Attacks bring new focus to student unity conference
Grand Haven Tribune
For the past six years, the Calling All Colors conference has brought middle school students together to celebrate diversity, learn about other cultures and break down racial stereotypes. But after the terrorist attacks on Sept. 11, those lessons have taken on a whole new importance.
Just like at past events, the nearly 200 students form 12 Ottawa and Muskegon County middle schools gathered Tuesday at Hope College to play games, share actions plans for creating racial harmony and participate in an activity form another culture.
During a dialogue session with their peers, students spoke about the affects of stereotyping and how Arab Americans and people of Middle Eastern decent have been stereotyped since the terrorist attacks. (Osama) bin Laden is just one person. You can’t judge everybody else. You can’t hate Middle Eastern people,” explained Spring Lake Middle School eight-grader Chelsea Deal.
Audra Passinault, an eight-grader at St. Mary’s Catholic School, said that she thought the Calling All Colors conference dialogue was important because it “let people know that if we are attacked by a certain people of a certain religion that not all of them are like that.”
Conference Coordinator Ortencia Ruiz said that the format for the student’s dialogue was altered after the attacks to include people of Middle Eastern decent in an activity where students listed stereotypes that they have heard for various races. A role playing activity was also added to ask students how they would respond if someone called their Middle Eastern friend a terrorist.
Spring Lake Middle School eighth-grader Adam Newell said that he was involved in a role playing activity as someone who, angry from the attacks, tells a person of Middle Eastern decent to go back home. But, he explained, the person who played the Middle Eastern person responded that he had lost friends or family during the attacks “It made me feel guilty that I blamed him,” Newell said of the exercise.“We shouldn’t be basing the bombings that are going on right now on religions. We should be basing it on who did it,” Newell added.
Students agreed that the main lesson Tuesday was a simple one not to judge people by what they look like. “I learned that a lot of the war started because people judged people just by race and not by talking to them,” said White Pines Middle School seventh-grader Robert Potter. “You can’t judge someone just because they look like they are from the Middle East because they could be an American,” added Rachael Rickabaught, an eighth-grader at Spring Lake Middle School. “If people learn to get along, we won’t have any more terrorist attacks,” added Walden Green Day School ninth-grader Aaron Eikenberry.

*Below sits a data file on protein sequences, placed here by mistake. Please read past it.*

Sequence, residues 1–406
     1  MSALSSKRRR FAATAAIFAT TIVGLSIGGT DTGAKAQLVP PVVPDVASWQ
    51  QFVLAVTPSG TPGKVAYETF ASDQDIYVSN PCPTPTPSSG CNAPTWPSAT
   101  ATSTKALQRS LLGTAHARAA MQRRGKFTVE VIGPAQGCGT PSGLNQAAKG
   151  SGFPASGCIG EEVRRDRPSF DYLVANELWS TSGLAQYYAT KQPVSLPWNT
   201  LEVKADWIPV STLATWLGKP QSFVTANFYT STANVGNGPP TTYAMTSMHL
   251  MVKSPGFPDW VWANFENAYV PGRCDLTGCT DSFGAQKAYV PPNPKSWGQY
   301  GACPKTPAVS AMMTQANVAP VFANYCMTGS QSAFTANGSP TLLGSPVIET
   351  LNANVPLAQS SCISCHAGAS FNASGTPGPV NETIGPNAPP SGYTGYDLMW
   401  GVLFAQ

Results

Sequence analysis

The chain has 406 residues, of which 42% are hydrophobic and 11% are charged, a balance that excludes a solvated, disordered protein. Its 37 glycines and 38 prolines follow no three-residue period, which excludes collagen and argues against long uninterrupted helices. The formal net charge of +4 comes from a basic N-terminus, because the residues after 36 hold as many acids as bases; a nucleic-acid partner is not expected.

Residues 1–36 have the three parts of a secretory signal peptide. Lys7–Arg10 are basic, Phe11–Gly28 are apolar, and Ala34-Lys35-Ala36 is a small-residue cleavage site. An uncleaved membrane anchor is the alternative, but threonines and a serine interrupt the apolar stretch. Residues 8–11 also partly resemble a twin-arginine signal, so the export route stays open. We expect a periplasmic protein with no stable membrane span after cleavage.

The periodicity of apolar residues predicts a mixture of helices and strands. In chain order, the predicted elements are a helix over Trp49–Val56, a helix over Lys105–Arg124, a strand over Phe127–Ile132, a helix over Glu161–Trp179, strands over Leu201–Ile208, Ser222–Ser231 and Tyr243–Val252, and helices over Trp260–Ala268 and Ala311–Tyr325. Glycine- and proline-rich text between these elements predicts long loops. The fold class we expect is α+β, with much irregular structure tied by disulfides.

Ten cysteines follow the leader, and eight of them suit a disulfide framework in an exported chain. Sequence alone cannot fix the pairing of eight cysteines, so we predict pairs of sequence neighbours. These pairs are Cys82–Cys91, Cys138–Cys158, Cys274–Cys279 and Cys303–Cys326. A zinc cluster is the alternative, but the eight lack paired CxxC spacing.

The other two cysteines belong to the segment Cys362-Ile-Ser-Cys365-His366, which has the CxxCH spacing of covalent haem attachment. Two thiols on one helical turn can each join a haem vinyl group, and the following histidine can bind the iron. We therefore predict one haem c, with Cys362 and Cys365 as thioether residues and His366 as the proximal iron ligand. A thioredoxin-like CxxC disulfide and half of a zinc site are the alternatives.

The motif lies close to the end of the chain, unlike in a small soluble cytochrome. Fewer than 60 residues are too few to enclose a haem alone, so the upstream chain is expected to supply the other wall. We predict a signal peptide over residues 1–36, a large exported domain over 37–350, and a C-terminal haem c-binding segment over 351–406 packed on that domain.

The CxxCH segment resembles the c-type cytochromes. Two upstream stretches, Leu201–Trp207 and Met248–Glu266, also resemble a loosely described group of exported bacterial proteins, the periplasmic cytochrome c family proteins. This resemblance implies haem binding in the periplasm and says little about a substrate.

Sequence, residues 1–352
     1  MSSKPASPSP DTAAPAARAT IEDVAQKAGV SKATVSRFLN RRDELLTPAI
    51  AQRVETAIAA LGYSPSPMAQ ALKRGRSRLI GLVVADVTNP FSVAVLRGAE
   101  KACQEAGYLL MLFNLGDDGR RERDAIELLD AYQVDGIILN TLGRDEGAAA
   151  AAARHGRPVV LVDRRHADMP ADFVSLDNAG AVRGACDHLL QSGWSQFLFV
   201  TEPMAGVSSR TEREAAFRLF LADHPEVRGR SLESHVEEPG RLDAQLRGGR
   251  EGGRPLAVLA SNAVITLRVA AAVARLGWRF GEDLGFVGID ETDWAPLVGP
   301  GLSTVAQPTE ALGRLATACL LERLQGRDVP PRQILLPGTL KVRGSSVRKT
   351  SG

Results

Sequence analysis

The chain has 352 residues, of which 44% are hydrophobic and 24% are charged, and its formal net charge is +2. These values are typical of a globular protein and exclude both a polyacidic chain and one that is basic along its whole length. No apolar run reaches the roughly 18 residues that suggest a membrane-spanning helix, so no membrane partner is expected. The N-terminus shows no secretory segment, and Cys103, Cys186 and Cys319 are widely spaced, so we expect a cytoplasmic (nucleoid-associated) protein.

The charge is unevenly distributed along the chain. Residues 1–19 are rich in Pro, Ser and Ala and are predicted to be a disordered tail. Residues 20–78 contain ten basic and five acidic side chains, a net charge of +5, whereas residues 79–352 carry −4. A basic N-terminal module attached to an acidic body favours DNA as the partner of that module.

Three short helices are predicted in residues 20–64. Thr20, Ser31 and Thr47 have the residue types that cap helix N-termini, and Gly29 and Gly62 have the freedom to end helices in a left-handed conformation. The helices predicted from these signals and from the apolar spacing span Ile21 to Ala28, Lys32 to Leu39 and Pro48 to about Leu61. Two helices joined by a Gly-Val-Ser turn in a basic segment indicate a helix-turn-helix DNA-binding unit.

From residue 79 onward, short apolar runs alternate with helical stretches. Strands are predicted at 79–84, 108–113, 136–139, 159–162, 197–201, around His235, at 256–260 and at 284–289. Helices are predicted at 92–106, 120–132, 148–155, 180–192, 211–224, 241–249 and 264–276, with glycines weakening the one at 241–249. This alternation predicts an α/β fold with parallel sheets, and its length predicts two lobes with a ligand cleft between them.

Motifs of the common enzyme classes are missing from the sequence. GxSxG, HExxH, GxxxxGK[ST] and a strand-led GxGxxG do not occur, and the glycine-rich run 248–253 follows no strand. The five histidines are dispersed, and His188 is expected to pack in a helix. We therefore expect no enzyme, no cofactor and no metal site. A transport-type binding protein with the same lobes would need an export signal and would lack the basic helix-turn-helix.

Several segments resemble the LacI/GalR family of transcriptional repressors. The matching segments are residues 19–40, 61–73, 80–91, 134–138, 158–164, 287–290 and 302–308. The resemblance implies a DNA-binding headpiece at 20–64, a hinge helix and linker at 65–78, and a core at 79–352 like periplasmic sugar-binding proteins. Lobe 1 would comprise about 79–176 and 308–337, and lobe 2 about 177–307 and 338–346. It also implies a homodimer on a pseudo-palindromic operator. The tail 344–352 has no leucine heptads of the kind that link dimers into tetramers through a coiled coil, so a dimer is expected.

Keynote speaker Dr. Fred Johnson lll, professor of history at Hope, told the students that right now, people are stereotyping Americans and what some people believed resulted in the attacks. He asked the students to do an exercise where they put their hand over one of their eyes and their finger in one ear, which symbolized not being completely open or receptive to other people. “By the time you leave here today…both of yours ears will be open, both of your eyes will be open,” Johnson said.
Students from White Pines, Lakeshore and Spring Lake middle schools, Walden Green Day School, St. Mary’s Catholic School and the Courage Program of the Ottawa County Juvenile Court participated Tuesday, among other Muskegon, Holland and West Ottawa schools.
Each of the schools took the stage to share its plan for creating racial harmony in its school this year. Spring Lake Middle School students said they are planning to hold a “Share Your Culture Night” where students and parents will share food and games of different cultures. Lakeshore planned to establish a pen pal connection with students in another country. White Pines will host an international Christmas celebration. Walden Green students said they plan on holding an ethnic dinner. And St. Mary’s students said they will research the holy days and holidays of various ethnic groups.
During their presentation, the students of the Courage Program created a world connected by music. As they played music of different cultures, the students took turns pasting countries and continents onto a plain globe. Then a musical staff was added to the globe to turn the Earth into one musical note as the students played John Lennon’s song “Imagine.”
Sponsored by the Lakeshore Ethnic Diversity Alliance, Calling All Colors offers students, who attend a school where there is predominantly one race, to meet students from different ethnic backgrounds, Ruiz said. “Most of all they get to celebrate diversity. Sometimes racism and discrimination, those are very negative words. … This way we are saying ‘Look, it’s awesome to be of a different race or a different country,’ “She said.